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New Launches

Livin’ Small

10.17.07 | Comment?

If Bond is a rudderless magazine hitting a trend ten years too late, what is one to make of Lofts, a new publication from the editors of Fussy House That Smells Like Potpourri and Mothballs, and here long after the commercial debasement of the word “loft.” While once “Loftiness” meant 16-foot ceilings and 20,000 square feet of rude ’n’ crude industrial space, inhabited illegally by artists and/or heroin addicts (more or less), it’s now possible to buy a 600-square-foot space sold as a “loft” apartment in a new building with bamboo flooring and stainless appliances, or perhaps even a “loft” house in the deep suburbs with certain vague name-sake qualities. Whichever of these you have or aspire to, Lofts thinks you should be reading them.

Lofts is a tediously unimaginative magazine with a vanishing grid that imposes what could be a interesting topic on a paint-by-numbers shelter-book approach. Under the careful eye of Lofts editors, the topic loses any romance or urbanity it might once have had.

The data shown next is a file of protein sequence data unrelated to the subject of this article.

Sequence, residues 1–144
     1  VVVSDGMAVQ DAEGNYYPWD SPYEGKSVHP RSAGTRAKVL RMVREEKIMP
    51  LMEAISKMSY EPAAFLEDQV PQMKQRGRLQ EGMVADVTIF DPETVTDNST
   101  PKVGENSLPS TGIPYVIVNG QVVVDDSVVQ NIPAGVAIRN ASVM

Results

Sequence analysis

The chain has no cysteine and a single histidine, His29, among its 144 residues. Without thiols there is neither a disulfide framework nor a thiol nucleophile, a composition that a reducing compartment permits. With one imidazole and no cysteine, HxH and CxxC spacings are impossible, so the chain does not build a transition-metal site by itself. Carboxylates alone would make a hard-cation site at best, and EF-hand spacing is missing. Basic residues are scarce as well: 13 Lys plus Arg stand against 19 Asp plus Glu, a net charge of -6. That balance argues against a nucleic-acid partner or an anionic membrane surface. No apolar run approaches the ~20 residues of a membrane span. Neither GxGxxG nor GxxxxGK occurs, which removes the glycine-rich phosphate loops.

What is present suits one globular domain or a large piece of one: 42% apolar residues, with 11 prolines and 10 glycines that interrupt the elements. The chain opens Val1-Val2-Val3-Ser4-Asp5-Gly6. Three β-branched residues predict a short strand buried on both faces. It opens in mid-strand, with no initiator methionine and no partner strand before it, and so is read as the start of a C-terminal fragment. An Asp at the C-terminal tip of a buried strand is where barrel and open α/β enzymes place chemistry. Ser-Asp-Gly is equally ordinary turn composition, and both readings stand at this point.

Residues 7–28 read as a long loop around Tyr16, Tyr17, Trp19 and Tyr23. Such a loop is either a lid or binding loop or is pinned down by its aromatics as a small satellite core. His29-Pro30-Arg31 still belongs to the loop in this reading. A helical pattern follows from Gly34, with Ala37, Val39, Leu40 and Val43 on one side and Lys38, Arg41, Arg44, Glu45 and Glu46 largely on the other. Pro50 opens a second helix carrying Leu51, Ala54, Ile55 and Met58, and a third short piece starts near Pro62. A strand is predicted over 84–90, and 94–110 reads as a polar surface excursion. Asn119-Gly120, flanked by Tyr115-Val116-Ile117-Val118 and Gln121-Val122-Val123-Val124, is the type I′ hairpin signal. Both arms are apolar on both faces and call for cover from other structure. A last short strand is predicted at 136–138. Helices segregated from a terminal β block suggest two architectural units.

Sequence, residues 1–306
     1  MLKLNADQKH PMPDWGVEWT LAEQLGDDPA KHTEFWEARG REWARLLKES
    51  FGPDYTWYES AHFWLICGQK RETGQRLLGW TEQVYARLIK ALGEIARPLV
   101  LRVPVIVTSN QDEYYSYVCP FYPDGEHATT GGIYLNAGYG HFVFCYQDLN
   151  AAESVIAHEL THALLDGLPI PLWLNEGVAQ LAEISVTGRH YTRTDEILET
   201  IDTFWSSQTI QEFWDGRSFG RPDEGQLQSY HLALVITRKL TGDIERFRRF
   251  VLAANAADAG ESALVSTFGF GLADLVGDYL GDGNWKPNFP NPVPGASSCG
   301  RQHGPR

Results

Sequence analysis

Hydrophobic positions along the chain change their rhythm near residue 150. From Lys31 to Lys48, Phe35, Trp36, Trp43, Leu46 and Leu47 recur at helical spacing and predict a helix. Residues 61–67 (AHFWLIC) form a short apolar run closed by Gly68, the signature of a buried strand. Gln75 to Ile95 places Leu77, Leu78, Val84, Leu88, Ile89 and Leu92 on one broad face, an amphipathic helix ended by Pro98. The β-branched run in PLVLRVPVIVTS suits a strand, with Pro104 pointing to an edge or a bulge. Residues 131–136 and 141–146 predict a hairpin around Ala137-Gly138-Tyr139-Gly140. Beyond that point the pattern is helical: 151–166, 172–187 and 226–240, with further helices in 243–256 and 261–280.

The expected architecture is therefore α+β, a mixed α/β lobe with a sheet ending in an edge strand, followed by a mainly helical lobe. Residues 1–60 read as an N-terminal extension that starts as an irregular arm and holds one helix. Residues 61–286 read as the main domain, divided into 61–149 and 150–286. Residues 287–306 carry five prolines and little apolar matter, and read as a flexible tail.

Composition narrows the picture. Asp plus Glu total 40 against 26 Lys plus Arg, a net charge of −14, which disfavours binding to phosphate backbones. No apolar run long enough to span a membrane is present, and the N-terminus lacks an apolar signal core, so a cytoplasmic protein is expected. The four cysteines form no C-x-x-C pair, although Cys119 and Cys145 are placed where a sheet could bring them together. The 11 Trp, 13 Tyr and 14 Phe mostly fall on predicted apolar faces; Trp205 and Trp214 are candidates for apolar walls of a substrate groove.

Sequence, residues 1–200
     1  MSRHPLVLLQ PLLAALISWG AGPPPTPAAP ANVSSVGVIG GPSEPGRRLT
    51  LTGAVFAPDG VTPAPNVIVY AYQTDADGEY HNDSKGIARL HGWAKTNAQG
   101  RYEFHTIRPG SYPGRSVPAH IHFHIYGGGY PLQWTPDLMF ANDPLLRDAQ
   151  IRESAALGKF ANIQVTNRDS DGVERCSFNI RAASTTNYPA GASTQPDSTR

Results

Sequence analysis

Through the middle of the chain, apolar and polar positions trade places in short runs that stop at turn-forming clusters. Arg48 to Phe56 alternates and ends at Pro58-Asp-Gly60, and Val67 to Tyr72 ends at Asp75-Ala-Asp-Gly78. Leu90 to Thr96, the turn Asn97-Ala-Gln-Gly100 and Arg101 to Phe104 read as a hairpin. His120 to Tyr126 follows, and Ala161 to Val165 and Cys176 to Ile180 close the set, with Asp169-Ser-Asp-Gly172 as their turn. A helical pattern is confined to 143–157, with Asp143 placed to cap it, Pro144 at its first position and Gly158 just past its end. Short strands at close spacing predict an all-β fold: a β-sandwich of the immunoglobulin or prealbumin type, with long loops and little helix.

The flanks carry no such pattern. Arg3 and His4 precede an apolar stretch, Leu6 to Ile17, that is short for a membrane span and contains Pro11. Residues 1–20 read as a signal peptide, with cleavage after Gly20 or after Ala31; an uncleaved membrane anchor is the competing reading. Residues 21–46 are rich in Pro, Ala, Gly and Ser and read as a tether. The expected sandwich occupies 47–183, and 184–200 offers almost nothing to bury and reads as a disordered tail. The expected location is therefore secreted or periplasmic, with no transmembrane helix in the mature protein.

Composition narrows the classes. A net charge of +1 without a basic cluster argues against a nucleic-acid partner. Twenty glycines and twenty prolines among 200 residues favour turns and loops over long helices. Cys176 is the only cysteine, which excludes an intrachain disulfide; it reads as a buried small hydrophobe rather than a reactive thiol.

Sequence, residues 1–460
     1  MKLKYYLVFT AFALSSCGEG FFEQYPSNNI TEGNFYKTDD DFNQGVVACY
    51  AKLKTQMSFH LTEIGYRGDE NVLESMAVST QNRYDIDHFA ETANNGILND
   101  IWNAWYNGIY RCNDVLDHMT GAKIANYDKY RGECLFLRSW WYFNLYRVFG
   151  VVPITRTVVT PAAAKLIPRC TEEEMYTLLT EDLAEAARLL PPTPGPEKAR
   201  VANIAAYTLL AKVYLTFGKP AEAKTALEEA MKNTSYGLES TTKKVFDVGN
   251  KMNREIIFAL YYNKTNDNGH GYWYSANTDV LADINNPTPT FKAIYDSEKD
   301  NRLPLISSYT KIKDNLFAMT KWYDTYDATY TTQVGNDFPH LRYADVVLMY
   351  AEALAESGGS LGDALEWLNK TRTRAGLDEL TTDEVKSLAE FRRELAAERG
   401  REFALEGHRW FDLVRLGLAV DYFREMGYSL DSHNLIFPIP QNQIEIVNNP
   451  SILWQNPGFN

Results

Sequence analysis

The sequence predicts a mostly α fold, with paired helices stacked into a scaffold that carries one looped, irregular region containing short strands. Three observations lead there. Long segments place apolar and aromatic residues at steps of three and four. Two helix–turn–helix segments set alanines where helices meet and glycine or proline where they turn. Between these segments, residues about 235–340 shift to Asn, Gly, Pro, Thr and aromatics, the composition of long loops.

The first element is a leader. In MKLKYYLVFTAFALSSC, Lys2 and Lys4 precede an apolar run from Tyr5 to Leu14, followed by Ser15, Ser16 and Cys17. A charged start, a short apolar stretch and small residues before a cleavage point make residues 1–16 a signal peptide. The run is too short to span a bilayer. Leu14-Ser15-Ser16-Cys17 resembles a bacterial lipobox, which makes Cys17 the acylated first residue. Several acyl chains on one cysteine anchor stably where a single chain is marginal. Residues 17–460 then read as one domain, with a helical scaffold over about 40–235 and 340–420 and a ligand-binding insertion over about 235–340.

Of course, most shelter magazines exist—at least on some level—to move product. But this one seems more cynical than many, and the uber-ecumenical approach makes one question the magazine’s raison d’être. It’s as if Log Home Living had pictorials of post-modern cribs made out of salvaged sheet metal, Atomic Ranch covered Frank Lloyd Wright, or Coastal Living routinely ran pieces on Iowa farm life.

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